China and the Palestinian Authority signed a “strategic partnership” agreement in Beijing on June 14.
The signing took place during a four-day visit to China’s capital by P.A. President Mahmoud Abbas.
Abbas was the “first Arab head of state received by China this year, embodying the high level of China-Palestine good relations, which have traditionally been friendly,” said Foreign Ministry spokesman Wang Wenbin.
The invitation comes as Beijing attempts to position itself as a mediator in the Israeli-Palestinian conflict.
During a meeting with Abbas, Chinese paramount leader Xi Jinping offered to facilitate peace talks between Israel and the Palestinians.
And in December, Xi met with Abbas in Saudi Arabia, saying that Beijing would continue to work on an “early, just and durable solution to the Palestinian issue.”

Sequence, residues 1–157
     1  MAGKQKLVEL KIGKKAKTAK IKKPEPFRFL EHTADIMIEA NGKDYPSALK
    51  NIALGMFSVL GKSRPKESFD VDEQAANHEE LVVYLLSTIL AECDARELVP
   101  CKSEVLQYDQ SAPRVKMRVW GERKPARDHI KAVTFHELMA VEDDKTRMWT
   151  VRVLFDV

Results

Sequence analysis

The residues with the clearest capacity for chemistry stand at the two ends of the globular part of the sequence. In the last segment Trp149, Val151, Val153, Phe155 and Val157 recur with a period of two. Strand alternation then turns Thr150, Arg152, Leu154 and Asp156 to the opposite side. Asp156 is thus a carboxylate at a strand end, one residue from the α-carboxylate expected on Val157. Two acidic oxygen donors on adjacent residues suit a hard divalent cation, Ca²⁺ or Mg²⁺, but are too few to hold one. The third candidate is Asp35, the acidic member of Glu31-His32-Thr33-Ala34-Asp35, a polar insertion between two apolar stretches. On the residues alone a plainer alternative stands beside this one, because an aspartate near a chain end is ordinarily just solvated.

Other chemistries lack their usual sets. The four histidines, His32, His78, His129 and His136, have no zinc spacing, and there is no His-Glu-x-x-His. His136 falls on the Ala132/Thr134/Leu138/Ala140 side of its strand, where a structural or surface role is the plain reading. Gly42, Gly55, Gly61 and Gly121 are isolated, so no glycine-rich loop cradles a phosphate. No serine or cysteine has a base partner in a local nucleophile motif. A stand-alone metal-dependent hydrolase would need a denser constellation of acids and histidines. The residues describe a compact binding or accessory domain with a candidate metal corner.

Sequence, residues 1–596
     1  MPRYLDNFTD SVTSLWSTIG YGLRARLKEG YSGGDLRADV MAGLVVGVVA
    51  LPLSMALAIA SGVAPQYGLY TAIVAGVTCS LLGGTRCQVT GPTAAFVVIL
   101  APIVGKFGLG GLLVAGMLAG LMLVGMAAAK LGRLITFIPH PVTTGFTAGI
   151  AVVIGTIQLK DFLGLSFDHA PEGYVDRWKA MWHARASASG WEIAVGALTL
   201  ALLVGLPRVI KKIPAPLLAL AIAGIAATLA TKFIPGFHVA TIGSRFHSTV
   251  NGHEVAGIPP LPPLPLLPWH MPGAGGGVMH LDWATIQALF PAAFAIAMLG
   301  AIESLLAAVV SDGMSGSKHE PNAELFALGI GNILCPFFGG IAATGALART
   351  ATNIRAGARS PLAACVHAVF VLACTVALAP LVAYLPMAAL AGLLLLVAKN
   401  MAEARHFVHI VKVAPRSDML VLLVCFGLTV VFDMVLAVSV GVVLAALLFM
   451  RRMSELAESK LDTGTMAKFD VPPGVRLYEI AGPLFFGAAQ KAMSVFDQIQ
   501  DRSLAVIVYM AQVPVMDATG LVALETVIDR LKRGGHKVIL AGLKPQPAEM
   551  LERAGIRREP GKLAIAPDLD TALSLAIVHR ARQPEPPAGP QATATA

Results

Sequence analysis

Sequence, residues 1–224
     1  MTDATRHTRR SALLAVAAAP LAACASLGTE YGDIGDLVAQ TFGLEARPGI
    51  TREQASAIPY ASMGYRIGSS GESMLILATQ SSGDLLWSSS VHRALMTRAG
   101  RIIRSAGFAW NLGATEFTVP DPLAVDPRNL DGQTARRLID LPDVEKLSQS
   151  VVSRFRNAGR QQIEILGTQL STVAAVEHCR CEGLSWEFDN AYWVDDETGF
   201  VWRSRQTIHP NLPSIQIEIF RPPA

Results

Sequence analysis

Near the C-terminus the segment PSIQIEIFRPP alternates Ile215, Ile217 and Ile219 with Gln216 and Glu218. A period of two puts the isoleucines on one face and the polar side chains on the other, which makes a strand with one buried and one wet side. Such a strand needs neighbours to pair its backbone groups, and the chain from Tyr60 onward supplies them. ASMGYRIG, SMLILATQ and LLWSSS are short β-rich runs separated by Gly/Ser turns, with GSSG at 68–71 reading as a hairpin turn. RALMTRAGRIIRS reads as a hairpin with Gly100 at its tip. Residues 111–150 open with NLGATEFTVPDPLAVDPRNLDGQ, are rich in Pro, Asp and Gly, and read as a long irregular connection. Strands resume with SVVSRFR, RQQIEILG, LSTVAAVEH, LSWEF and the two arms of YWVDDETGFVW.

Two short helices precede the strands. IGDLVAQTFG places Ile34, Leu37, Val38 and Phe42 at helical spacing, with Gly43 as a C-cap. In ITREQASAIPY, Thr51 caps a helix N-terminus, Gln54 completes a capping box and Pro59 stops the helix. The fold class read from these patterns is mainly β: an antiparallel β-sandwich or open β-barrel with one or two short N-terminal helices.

The impetus for Abbas’s trip is also economic as he looks to shore up the struggling Palestinian economy. The P.A. had a $1.26 billion deficit in 2021.
The decision by Abbas to align the P.A. with China, which is in growing competition with the U.S., drew criticism.
“[It’s] a finger in the eye of the Biden administration,” said Jonathan Schanzer, senior vice president for research at the Foundation for Defense of Democracies, a Washington-based think tank.
“This is a litmus test for the Biden White House, which has been an advocate for the Palestinian cause. There must be consequences for Mahmoud Abbas if the goal is to sustain the U.S.-led regional order,” Schanzer said.
Historically, Beijing has been friendly to the Palestinian side. It recognized the “State of Palestine” in 1988 and established full diplomatic relations at the end of 1989. Diplomatic relations with Israel were established only in 1992.
A survey conducted in May for Arab News by YouGov found that 80% of Palestinian respondents with a clear opinion on the topic expressed support for a Chinese role in Israeli-Palestinian peace talks.